James Hubbell’s studio is located in the mountains near Julian, CA and has been producing work since the early 60’s. It has produced thousands of works of art including hand crafted doors, windows, gates, sculpture in almost every material such as wood, stone, metal, glass, clay, and plastics. James Hubbell is widely known for his organic style buildings which are complete works-of-art. He sculpts one-of-a-kind living
environments from natural materials that provide shelter and inspiration for those who wish to live in harmony with nature. His art and architecture has been embodied in homes, schools, gardens, pavillions, nature centers, monasteries, museums, and peace parks around the world. His is the founder and guiding light of the Ilan-Lael Foundation
The Art Studio usually has between three to six craftsmen and apprentices working various types of materials. Occasionally calling upon skilled craftsmen and friends from the San Diego area to work on special projects. This place where Hubbell lives is simultaneously a nurturer, a resource, a reference, a shelter, a launch pad, and a retreat. It’s also a pedestal on which, and around which, the artist continues his personal affirmation.
Hubbell’s formal education was at Cranbrook Art Academy in 1955-56 where he studied Eli Saarinen’s accommodation to nature and applied it to his own work.
Travel inspired his work, including tours of Europe where he encountered the work of Gaudi; Africa and its rich sculptural traditions; and Asia, where he painted murals for the Army while serving in the Korean War.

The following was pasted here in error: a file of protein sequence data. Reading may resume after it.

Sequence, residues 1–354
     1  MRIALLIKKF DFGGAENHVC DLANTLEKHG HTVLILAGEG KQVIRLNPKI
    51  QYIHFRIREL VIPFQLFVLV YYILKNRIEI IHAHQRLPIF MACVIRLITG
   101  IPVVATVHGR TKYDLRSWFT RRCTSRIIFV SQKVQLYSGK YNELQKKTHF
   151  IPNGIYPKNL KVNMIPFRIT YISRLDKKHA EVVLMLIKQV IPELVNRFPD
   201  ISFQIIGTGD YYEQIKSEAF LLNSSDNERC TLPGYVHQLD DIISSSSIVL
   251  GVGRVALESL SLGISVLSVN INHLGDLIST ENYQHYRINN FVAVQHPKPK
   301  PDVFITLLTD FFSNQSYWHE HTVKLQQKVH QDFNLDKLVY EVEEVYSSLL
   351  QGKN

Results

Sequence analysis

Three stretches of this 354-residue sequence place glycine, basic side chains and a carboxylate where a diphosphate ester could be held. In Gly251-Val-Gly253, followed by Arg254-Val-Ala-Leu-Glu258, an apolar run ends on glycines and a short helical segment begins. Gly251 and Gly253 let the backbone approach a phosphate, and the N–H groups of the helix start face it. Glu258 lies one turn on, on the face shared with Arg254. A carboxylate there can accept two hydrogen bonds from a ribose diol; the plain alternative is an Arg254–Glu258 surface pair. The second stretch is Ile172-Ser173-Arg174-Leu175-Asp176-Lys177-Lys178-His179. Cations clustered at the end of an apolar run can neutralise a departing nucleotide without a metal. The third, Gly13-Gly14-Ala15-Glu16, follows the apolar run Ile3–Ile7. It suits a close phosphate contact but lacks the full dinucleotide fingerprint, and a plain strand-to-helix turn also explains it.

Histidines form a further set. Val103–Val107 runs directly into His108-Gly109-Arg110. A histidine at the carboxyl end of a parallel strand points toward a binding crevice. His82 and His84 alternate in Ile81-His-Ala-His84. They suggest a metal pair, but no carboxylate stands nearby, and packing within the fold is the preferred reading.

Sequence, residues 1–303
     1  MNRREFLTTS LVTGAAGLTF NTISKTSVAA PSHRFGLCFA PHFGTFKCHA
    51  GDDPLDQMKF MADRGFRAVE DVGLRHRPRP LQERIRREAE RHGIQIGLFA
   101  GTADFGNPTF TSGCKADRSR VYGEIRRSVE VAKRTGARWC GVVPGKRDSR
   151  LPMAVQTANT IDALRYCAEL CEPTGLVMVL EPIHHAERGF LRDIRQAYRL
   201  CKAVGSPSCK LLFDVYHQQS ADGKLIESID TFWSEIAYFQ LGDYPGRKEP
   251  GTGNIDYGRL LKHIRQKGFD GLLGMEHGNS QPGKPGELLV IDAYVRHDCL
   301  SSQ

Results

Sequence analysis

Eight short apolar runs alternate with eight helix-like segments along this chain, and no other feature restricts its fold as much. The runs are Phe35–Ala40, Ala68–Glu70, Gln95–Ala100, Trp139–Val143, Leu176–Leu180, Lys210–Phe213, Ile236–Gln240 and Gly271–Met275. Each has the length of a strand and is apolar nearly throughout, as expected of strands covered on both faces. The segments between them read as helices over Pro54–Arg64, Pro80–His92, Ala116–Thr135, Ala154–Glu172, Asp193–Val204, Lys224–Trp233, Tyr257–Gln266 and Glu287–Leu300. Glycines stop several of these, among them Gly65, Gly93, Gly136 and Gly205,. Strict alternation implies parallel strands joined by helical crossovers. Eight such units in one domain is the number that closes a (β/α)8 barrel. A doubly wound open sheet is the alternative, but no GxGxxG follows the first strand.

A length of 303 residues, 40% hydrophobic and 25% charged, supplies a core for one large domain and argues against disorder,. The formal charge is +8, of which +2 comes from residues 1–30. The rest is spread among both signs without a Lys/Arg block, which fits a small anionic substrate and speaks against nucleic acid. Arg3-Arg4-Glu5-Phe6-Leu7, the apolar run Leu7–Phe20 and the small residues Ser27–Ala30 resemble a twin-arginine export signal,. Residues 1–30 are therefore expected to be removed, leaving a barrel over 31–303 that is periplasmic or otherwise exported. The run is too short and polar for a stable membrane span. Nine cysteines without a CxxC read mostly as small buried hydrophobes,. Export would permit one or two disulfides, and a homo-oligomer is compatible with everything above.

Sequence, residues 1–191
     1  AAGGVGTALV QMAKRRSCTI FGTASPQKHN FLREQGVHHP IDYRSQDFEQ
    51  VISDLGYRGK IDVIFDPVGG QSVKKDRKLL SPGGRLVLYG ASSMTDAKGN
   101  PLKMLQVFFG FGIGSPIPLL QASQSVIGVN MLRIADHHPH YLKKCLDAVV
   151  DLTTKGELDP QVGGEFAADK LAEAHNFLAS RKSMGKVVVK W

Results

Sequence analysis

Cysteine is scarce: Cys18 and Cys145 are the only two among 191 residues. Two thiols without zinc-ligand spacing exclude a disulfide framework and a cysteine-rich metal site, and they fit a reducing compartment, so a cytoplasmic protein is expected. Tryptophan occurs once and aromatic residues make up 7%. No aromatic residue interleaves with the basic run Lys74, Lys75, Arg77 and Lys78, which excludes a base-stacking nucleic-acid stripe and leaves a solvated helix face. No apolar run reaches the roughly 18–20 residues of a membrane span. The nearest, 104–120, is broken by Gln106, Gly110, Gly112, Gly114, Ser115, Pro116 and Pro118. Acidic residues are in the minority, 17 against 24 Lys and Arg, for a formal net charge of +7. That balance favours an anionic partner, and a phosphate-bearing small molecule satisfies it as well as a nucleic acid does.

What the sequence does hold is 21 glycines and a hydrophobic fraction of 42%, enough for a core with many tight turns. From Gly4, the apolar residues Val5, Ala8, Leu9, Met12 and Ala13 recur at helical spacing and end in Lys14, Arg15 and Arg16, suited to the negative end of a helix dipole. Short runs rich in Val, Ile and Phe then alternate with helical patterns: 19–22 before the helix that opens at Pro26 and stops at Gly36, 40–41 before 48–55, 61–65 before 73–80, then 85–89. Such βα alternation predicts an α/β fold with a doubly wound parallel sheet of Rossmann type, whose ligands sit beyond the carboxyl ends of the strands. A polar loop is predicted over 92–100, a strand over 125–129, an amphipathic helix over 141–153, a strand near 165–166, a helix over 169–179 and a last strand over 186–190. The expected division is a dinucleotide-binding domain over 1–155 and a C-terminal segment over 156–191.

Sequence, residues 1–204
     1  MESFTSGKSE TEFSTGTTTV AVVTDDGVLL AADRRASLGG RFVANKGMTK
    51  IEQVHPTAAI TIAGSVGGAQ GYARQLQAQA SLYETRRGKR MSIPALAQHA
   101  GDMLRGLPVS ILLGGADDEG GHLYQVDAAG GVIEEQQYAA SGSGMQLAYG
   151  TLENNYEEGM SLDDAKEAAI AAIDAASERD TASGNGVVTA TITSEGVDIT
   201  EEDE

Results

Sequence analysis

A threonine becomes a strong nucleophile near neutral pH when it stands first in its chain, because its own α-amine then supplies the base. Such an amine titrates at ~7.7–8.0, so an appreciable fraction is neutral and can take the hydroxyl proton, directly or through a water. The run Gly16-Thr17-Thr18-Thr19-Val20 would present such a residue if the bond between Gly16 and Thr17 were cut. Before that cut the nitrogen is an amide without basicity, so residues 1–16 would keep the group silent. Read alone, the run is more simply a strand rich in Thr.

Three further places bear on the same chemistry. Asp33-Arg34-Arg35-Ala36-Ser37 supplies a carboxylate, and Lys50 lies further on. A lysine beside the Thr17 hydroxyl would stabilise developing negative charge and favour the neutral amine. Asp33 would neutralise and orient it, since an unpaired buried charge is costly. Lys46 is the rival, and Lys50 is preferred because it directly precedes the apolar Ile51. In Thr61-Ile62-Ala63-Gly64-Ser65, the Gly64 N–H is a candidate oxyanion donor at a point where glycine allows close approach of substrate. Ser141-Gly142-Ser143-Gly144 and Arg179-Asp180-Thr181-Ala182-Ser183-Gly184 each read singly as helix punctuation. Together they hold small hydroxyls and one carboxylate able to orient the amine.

1958 – Many Beginnings:
A pivotal time for the 27-year-old artist, James Hubbell: he married Anne Stewart; began building his home on a mountain site in Santa Ysabel, California; and started working with Sim Bruce Richards on most of his buildings in a rare art-and-architecture partnership which lasted until Richards’ death in 1984.
Anne Hubbell describes this time in “Building from the Earth Up”:
The echo of wedding bells was still in the air when James and I acquired this land in 1958. Our intent was to create a home that appeared to grow out of the landscape and blend naturally with the gifts of nature. After fashioning a road that curved through the silvery sage and chaparral and digging a deep well through the granite, we started to build.
No bulldozers were used and footings were hand-dug. Wildflowers and brush were kept and appreciated for their beauty without irrigation. Weekends were involved with picnic work parties as friends helped us mix cement and gather rocks in a little red wagon. And so with the stone from this land, adobe bricks, and cedar from a sawmill in Julian, the first structure was accomplished.
Our family was able to stretch out and enjoy more spacious quarters in 1962 when we moved into the living, dining and kitchen dwelling.
1981 – Doors of Abu Dhabi:
The doors of Abu Dhabi connect the small mountain studio in Southern California all the way across oceans, cultures, worlds, to a United Arab Emirates sheik palace. This connection came about by the architect Victor Bisharat picking up a book in 1984, and being inspired by the work within, was moved to seek out and commission the artist to construct the 18 interior and exterior doors of his palace design.
To find the artist, Victor had to go to the Triton restaurant featured in the book and ask the staff who had done the artwork. Only then did Victor discover the mountain studio and artist.